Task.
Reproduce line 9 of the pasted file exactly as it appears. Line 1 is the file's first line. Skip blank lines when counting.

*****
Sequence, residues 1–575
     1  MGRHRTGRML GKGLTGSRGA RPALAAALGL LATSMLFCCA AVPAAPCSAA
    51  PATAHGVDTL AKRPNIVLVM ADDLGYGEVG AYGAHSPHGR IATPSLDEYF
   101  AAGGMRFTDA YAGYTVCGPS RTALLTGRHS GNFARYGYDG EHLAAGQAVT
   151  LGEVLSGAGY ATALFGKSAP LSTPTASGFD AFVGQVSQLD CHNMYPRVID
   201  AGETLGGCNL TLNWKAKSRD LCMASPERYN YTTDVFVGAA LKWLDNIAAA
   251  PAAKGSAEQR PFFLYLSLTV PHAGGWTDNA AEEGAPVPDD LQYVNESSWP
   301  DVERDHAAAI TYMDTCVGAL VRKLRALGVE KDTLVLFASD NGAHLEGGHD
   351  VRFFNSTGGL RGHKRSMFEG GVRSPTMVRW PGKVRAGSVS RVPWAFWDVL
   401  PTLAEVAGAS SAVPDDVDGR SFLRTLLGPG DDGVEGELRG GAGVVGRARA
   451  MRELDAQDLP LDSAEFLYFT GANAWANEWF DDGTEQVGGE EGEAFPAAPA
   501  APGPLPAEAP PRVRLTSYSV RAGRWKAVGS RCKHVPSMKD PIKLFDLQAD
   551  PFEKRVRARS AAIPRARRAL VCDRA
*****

   351  VRFFNSTGGL RGHKRSMFEG GVRSPTMVRW PGKVRAGSVS RVPWAFWDVL